The Curbed Cup, our annual award for the Washington, D.C. neighborhood of the year, is kicking off with 16 areas vying for the prestigious (fake) trophy. This week we'll have two matchups per day, and all the results and the full tournament bracket will be reviewed on Friday. Voting for each pairing ends 24 hours after it begins. Let the eliminations commence!
Woodridge or Brookland? Which do you prefer the most? In comparison to Woodridge, Brookland is much more accessible (since it has its own Metro) and offers a variety of retail and restaurant options. In comparison to Brookland, Woodridge is much quieter and more affordable. Below, you will be able to find a few words on what makes both Washington, D.C. neighborhoods so great along with a poll so you can be the deciding factor on which truly deserves the Curbed Cup. Be sure to also vote on whether or not Glover Park is better than LeDroit Park or vice versa here. The Northeast neighborhood, Brookland, has a few quirks that really help it stand out from other neighborhoods in Washington, D.C. For one, the neighborhood is home to the District's first shipping container homes. Another big draw to the area is the the $200 million Monroe Street Market project that opened its doors this past October. The mixed-use development features 720 residences, 83,000-square-feet of street-level retail, and 20,000-square-feet of amenity space spread out over three total buildings. With this development, a new community for artists was created with studios and a community arts center. One final detail worth noting is that the median price of listings has skyrocketed in the neighborhood since 2003. This past October, the neighborhood sold its first $1 million single-family home.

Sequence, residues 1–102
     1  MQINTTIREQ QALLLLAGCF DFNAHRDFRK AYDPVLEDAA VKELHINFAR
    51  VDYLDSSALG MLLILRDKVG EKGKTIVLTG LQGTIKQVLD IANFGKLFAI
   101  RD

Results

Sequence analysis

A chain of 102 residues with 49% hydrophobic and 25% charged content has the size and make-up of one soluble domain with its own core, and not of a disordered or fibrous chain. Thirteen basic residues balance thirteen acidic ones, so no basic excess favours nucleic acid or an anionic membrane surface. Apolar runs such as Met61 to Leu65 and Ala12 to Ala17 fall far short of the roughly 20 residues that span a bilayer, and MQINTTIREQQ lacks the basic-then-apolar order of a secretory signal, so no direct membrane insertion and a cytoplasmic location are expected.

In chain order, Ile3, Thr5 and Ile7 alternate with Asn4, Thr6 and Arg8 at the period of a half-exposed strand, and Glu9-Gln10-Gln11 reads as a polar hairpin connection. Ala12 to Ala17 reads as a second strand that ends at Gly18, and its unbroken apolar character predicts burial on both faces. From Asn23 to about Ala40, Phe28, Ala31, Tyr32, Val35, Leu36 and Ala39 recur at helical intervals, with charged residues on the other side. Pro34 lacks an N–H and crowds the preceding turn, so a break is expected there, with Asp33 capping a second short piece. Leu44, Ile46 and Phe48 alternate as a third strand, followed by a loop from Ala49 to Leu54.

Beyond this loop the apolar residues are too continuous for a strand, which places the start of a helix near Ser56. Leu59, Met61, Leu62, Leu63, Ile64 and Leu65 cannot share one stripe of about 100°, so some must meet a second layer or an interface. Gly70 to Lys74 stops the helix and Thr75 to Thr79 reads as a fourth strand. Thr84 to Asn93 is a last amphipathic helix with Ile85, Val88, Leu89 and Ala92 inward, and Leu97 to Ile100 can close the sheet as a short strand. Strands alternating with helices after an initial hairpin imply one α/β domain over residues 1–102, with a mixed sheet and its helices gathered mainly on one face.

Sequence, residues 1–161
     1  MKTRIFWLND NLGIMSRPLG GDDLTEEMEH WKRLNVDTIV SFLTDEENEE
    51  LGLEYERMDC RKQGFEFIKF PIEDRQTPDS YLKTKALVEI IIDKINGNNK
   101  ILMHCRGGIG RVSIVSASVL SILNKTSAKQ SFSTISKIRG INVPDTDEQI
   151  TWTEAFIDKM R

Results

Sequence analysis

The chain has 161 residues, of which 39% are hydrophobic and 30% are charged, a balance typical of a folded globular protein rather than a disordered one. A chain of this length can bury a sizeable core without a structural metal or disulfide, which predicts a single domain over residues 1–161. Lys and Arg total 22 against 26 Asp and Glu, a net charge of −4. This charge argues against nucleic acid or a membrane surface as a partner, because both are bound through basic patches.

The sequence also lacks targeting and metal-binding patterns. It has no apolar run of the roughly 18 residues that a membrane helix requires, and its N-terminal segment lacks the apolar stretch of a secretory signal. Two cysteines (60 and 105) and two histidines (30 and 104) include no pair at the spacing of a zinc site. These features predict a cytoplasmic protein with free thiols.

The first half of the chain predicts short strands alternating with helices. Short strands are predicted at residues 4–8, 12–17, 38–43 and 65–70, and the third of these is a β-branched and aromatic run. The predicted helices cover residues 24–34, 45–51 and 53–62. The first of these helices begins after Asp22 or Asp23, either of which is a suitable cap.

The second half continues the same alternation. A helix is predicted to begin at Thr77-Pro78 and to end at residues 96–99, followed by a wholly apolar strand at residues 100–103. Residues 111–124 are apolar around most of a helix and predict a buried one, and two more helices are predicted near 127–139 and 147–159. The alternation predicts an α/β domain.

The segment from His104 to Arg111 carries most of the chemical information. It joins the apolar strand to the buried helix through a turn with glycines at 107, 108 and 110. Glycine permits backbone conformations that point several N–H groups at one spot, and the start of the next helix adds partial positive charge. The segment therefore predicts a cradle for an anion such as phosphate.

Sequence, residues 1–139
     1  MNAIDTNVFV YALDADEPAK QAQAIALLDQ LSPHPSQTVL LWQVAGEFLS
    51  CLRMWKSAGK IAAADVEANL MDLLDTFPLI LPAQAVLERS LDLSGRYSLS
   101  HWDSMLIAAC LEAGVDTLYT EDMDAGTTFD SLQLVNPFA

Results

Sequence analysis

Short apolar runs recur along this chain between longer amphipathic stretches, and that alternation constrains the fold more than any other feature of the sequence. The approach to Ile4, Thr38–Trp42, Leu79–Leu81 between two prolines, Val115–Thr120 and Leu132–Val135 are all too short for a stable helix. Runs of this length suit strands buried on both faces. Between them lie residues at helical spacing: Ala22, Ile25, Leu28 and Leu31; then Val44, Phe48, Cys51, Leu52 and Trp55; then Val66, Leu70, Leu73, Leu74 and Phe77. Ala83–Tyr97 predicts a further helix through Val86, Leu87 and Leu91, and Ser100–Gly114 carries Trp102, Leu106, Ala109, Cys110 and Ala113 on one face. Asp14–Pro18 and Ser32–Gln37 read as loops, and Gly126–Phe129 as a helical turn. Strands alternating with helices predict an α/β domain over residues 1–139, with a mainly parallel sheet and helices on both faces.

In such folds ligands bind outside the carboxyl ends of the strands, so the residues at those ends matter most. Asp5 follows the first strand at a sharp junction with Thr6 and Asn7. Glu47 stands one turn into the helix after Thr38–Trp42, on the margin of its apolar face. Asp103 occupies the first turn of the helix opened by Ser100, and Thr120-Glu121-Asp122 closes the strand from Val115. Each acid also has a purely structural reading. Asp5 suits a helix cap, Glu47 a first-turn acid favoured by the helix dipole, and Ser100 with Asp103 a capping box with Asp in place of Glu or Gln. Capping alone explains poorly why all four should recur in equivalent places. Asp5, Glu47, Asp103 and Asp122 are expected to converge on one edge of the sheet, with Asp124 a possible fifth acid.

Woodridge has a very quiet presence in the city and is often unknown to passersby. Despite this, national real estate brokerage Redfin predicted that Woodridge would be the hottest Washington, D.C. neighborhood in 2015. In the blog post from last January, Redfin agent Katie Scire described the area as primarily residential and more affordable than Brookland. The housing stock is also fairly diverse with detached single-family homes, brick colonials, and bungalows. When The Washington Post featured the Northeast neighborhood in 2012, they wrote that the suburban neighborhood has grown as a popular spot for young professionals trying to escape rising rents. Currently, the Woodridge Neighborhood Library is being rebuilt for $16.5 million.
Be sure to cast your vote now as this poll will close at 1 p.m. EST on Thursday, December 17.